Anna Marra Contemporanea is pleased to present Saul Melman – Divenimenti, the fourth show in the gallery series Focus On, dedicated to emerging artists. The exhibition is curated by Serena Trizzino and accompanied by a catalog with text by Melanie Kress. Melman’s first exhibition in Italy, Divenimenti includes sculpture, installation, and works on paper.
Placing equal importance on process and result, Melman’s work reveals the ephemeral state of materiality, and the unpredictable dimension of time. The four series of works shown in Divenimenti are: How You Hold Something Inside Matters, Best Of All Possible Worlds, Heliogram Series, and Anthropocene Series.
Melman’s sculptural works – How You Hold Something Inside Matters, and Best Of All Possible Worlds – evoke doors and walls that are both familiar and strange. At once present and absent, these questionable barriers hold viewers’ attention at the threshold between inside and outside. How You Hold Something Inside Matters is a site-specific installation comprised of brick-like cells made of skin dust and water. Pale dust, collected from the sanding of animal hides, creates a delicate and porous architectural space that balances containment with permeability.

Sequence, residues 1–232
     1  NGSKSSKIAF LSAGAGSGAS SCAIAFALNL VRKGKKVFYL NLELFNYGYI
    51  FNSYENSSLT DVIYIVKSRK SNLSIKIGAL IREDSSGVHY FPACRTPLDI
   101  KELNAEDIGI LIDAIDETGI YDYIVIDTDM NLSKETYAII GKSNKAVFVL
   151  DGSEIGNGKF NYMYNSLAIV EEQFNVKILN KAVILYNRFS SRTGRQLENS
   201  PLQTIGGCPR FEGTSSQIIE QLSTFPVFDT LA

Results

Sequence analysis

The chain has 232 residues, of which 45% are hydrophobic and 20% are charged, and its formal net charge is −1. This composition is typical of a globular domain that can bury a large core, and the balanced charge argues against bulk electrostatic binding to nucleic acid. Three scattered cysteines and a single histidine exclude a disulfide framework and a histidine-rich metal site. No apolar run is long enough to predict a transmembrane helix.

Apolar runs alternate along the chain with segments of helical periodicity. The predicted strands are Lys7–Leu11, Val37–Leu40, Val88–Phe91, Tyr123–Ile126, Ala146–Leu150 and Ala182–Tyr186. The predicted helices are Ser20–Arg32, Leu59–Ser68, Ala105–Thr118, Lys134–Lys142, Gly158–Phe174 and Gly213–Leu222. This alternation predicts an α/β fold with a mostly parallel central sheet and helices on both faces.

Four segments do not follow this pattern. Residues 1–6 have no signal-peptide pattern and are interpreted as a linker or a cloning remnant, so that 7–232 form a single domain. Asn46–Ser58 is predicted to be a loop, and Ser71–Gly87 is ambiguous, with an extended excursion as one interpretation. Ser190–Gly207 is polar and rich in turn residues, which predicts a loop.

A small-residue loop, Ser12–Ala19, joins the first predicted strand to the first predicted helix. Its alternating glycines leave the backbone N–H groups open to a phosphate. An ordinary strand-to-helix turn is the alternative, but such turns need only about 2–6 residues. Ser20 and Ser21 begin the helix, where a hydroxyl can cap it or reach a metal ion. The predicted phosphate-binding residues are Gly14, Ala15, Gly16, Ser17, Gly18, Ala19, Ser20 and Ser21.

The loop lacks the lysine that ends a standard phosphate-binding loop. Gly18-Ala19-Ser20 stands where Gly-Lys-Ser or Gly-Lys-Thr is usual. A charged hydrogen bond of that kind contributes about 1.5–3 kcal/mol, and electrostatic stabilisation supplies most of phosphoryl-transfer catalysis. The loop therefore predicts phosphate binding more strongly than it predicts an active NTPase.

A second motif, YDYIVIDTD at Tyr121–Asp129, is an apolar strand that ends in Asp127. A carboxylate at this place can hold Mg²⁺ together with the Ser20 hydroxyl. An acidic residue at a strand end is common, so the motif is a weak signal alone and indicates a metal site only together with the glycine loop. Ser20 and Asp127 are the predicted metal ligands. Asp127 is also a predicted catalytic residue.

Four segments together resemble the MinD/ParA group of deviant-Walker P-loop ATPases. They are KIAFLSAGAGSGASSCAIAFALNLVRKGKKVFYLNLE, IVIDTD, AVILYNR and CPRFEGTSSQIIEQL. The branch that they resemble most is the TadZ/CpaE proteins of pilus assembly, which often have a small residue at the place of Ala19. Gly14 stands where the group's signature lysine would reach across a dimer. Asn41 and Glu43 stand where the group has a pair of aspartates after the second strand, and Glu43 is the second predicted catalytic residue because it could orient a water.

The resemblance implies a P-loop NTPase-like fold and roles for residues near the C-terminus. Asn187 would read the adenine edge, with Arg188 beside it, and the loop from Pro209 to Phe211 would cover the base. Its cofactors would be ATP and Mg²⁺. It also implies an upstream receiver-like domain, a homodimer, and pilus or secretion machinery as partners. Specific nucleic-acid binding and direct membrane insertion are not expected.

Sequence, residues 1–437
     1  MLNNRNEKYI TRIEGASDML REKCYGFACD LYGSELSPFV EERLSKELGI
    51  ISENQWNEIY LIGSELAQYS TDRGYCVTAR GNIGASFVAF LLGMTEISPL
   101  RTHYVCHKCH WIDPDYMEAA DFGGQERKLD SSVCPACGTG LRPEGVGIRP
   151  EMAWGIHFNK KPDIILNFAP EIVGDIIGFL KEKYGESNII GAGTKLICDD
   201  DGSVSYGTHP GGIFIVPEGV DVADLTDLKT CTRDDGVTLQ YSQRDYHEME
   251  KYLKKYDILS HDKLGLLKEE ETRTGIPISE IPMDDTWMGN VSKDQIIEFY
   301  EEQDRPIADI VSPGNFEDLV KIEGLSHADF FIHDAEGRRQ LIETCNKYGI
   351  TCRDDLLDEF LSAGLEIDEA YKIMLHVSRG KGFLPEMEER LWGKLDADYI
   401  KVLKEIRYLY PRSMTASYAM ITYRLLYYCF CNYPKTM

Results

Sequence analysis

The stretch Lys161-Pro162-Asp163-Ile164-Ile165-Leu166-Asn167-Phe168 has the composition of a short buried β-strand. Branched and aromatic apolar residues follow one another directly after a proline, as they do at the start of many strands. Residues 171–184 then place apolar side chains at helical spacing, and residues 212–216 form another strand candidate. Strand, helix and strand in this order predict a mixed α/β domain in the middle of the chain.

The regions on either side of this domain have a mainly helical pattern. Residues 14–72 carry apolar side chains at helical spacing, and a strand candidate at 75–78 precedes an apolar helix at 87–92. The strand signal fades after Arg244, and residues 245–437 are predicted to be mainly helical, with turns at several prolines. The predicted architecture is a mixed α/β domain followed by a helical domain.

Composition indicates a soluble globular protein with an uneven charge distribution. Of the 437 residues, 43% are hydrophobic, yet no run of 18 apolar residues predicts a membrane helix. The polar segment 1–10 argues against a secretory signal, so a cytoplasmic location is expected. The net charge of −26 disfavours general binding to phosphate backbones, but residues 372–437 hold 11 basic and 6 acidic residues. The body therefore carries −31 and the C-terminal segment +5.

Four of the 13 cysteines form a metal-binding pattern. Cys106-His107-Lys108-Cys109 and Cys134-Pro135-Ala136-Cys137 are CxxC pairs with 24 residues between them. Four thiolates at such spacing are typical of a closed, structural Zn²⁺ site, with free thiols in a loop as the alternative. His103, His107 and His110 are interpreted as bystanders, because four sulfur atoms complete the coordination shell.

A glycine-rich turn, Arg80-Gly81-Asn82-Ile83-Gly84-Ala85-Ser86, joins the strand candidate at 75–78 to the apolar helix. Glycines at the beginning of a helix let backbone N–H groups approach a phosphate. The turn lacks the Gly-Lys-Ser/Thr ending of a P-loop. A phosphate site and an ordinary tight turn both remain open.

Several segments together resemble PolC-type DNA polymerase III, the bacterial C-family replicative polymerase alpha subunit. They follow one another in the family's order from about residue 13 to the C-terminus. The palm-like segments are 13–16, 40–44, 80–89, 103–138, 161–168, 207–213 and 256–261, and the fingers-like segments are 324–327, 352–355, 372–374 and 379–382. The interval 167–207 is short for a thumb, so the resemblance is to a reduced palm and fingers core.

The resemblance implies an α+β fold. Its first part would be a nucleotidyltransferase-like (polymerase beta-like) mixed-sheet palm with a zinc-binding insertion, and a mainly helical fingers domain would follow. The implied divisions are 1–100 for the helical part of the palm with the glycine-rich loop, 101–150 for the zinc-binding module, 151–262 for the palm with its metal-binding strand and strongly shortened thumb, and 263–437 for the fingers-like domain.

Best of All Possible Worlds consists of a series of vacuum-formed casts of salvaged doors that delineate an imaginary domestic space. Mounted in steel frames, these unmoored and semi-transparent portals evoke the archeological discovery of a modern environment. The doors bend and reflect light, re-interpreted by the varying luminosity of their surroundings.
Melman’s works on paper – Heliogram Series, and Anthropocene Series – capture the elusive physical properties of light and ice through manual photography and papermaking. Anthropocene Series was initiated during an artist residency at Dieu Donné Papermill, during which Melman experimented with the interaction between paper pulp and ice. To create this series, paper pulp made of Abacá, a type of banana leaf native to the Philippines, is imprinted with shards of ice and brushed with pigment in the form of carbon dust. Melman uses the temperature differential between the Abacá and ice to drive interactions between pulp and pigment, imprinting a fluid moment in which the surface of the pulp freezes and cracks.
Heliogram Series is a photographic project realized during two artist residencies in the high desert of Joshua Tree, California. Taking advantage of the brilliant desert sunlight, Melman used a shipping container to make a giant camera obscura with which he captures a series of choreographed performances in a theatrical set. The resulting, large-scale photo-negatives are both geometric and ethereal.